The City of Saskatoon, Saskatchewan is in the process of implementing a Brownfield Renewal Strategy that it deems essential to growth in its main corridors. The initiative aims to assess and prioritize redevelopment potential of abandoned, vacant, derelict, or underutilized properties along the City’s major corridors that may have or do have perceptions of contamination.
The results of the brownfields evaluation will lead to the formulation of an incentive program that will help overcome financial and environmental barriers for redevelopment, as well as provide contamination management plans for future development.
One recent brownfield development in Saskatoon was initiated by a not-for-profit organization called CHEP Good Food. CHEP has been promoting food security in Saskatoon for nearly 30 years. The organization is currently working toward restoring a plot of contaminated land to an agricultural plot of land.
The non-profit group, which works to promote food security, has already won a grant from CN Rail that will help them plant native trees and bushes at another brownfield site in Saskatoon and to restore the soil. The project received the CN EcoConnexions grant through Tree Canada / Arbres Canada and Canadian National Railway Company to plant native trees and shrubs on the site.
A previous fruit and vegetable garden project by CHEP began in 2014 under a different name as rooftop gardens at the University of Saskatchewan. People would be able to test out their gardening skills there, see whether they really know how to grow cilantro and other vegetables. The project relocated to the brownfield site in 2015 and was renamed the Askîy Project – which means “Earth” in Cree.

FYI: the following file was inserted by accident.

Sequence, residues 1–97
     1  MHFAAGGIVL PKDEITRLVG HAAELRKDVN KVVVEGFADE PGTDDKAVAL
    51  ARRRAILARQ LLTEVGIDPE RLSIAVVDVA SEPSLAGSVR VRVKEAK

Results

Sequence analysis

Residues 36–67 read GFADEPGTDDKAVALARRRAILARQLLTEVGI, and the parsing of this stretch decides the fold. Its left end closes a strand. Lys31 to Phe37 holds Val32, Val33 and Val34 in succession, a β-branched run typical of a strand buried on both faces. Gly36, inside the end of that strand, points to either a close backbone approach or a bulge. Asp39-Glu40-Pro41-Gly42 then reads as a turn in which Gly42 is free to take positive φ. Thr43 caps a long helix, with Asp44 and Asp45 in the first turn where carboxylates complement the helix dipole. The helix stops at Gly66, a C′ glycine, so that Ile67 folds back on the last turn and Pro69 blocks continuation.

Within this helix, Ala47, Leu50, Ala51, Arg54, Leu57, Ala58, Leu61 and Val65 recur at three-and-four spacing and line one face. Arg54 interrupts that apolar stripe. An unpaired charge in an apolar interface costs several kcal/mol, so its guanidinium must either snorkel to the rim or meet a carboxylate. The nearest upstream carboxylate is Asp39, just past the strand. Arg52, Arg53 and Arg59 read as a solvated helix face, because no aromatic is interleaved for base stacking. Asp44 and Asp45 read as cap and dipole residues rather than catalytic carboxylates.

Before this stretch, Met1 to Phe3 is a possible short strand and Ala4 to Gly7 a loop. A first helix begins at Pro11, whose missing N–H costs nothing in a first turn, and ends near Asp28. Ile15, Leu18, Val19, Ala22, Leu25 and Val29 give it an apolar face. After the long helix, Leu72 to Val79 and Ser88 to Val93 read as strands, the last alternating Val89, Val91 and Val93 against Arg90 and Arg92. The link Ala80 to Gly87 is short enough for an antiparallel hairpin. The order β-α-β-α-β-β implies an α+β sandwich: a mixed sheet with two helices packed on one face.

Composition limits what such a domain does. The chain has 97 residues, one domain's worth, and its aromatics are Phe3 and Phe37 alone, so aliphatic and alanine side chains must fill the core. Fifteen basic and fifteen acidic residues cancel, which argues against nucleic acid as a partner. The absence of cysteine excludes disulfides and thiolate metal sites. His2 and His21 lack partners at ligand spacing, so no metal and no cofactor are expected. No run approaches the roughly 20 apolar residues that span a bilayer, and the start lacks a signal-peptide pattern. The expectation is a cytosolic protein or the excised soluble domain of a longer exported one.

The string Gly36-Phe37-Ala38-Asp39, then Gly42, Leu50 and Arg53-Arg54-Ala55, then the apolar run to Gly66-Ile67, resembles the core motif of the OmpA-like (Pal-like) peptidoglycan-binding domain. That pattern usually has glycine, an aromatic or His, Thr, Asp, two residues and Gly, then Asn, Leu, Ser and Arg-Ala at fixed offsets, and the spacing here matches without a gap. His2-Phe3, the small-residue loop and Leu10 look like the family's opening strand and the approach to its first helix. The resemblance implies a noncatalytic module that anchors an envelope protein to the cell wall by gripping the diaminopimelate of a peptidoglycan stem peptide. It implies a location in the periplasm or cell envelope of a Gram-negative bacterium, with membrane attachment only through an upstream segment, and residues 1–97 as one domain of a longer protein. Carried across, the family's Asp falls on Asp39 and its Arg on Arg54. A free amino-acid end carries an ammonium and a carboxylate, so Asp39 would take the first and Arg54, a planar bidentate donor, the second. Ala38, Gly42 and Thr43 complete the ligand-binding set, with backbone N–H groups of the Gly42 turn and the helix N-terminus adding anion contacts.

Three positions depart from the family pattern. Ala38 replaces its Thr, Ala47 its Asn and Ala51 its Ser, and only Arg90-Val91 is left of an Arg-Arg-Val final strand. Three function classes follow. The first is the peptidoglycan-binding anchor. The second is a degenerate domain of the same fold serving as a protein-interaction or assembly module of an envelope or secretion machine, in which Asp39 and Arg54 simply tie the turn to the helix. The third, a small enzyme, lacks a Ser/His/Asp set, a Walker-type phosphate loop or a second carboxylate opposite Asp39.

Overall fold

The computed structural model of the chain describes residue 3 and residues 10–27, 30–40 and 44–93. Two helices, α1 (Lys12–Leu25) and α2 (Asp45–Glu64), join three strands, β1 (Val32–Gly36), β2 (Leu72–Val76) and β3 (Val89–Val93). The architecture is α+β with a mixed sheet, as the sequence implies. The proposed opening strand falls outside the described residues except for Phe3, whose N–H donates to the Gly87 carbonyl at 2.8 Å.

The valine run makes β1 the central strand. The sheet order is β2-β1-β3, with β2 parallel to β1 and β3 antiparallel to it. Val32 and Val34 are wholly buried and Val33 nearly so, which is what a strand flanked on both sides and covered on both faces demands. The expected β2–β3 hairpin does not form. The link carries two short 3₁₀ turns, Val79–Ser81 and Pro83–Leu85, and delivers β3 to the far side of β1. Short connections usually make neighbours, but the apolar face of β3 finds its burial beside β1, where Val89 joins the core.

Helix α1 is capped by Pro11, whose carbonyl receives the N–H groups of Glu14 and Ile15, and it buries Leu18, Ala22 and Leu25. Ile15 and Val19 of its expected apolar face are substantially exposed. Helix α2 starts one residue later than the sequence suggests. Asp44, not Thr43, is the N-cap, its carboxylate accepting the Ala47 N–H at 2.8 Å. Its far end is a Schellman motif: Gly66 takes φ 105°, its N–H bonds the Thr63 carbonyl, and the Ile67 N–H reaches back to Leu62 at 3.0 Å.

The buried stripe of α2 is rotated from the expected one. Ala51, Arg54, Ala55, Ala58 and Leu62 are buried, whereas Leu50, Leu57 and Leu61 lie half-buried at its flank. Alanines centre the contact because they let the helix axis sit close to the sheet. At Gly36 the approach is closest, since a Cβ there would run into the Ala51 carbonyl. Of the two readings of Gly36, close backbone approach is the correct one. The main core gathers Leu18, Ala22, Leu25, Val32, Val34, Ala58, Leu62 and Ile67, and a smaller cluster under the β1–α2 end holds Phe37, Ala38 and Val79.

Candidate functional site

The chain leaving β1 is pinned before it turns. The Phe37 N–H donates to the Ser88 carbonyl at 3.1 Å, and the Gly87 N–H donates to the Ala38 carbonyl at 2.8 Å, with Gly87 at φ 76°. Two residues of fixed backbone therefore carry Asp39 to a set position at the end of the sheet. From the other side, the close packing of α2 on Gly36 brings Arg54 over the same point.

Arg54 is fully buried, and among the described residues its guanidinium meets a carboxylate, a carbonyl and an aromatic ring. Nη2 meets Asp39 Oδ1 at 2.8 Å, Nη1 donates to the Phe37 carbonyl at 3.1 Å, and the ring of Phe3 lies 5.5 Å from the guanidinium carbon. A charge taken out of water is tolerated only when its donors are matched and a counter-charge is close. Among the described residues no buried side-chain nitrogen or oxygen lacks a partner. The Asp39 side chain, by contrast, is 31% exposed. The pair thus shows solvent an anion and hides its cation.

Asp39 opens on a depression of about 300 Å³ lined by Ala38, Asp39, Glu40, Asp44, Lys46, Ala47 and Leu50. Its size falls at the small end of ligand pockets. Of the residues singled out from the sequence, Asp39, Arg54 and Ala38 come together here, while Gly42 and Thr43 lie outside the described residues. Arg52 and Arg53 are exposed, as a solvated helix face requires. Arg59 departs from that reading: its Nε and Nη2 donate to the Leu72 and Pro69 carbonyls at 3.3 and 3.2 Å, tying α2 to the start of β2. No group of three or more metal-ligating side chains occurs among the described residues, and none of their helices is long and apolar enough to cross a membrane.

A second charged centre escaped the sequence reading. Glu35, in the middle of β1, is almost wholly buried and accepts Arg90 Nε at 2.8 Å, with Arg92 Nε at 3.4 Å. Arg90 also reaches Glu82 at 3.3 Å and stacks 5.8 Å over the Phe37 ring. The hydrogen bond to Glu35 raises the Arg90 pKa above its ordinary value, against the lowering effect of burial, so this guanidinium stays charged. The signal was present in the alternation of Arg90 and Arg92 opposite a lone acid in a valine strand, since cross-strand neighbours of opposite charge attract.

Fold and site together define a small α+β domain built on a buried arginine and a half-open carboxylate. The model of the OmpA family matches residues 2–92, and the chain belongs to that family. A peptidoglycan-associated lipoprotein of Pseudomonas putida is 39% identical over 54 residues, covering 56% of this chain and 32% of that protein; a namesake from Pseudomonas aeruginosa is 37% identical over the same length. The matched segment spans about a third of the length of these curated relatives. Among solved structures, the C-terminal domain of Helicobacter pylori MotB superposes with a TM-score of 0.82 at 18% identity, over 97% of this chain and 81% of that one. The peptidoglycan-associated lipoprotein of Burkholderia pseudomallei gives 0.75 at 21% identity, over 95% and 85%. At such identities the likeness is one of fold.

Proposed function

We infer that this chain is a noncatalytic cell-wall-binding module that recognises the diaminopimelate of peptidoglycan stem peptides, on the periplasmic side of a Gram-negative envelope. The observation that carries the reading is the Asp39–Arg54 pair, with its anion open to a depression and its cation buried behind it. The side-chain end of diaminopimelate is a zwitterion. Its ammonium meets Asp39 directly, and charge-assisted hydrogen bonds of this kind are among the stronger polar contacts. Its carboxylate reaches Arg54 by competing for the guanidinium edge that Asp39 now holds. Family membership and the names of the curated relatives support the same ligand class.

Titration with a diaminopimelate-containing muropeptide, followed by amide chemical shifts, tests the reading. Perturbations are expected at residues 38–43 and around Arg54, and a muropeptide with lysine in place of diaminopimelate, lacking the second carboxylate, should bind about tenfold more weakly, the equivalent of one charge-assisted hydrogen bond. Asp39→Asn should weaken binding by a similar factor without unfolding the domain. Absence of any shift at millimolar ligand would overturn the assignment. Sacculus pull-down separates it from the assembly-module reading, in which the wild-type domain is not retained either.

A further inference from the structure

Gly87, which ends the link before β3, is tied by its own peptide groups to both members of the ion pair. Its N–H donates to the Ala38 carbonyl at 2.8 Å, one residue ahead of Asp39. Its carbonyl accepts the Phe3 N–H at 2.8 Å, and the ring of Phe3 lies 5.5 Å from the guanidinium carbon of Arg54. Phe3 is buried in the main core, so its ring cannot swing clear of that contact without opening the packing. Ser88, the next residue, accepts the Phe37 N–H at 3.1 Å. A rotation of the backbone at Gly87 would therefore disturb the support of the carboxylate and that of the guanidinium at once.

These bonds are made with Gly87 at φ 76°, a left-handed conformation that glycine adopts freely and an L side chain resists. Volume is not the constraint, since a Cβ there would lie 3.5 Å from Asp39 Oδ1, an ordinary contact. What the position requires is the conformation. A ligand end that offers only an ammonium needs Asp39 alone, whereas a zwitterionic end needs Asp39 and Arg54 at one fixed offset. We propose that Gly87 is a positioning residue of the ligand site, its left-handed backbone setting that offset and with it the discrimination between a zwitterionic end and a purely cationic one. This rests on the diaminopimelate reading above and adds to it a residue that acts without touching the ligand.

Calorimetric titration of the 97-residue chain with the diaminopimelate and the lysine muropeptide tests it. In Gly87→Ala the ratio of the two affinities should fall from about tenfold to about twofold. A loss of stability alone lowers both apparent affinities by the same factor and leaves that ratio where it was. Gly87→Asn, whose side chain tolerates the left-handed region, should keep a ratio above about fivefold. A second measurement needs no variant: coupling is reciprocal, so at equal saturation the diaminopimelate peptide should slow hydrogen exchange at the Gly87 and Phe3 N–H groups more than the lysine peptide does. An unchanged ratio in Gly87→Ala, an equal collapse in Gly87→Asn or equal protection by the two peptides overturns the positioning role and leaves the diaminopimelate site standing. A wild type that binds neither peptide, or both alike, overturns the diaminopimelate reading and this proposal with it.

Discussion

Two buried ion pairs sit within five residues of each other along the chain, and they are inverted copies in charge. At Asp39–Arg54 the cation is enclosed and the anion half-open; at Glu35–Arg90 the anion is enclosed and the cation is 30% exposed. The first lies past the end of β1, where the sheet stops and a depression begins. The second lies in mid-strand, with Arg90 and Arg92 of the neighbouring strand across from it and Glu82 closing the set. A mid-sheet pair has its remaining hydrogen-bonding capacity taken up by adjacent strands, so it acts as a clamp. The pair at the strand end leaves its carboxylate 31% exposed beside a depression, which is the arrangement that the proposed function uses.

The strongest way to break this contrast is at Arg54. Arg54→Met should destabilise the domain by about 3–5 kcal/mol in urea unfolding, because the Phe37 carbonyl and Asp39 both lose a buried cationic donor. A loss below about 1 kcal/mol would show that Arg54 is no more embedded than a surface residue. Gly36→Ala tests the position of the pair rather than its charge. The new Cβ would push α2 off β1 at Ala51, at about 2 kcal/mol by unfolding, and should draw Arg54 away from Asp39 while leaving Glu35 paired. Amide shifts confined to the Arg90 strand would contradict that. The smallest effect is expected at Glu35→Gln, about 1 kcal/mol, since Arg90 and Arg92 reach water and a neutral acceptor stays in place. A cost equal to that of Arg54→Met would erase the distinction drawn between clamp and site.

The latest CHEP project is more ambitious than the existing Askîy Project. It involves growing trees and bushes directly in the soil as well as remediation the site. A professor from the University of Saskatchewan, Susan Kaminskyj, will oversee experimental bio-remediation at the site.
The bio-remediation will consist of utilizing native a fungi that will assist the plants in growing but will also biodegrade the petroleum hydrocarbon contamination at the brownfield site.
Professor Kaminskyj explained in an interview with CBC, that the microbe is a common fungus, but one with “unique abilities.” A property in the fungus allowed plants to grow and thrive on coarse Oil Sands tailings. In early field trials, Professor Kaminskyj’s team found more than 90 per cent of dandelion seeds treated with the fungus sprouted on coarse tailings while no untreated seeds sprouted. The researchers also found the fungus was able to grow with diesel, crude oil and similar materials as its only nutrient source.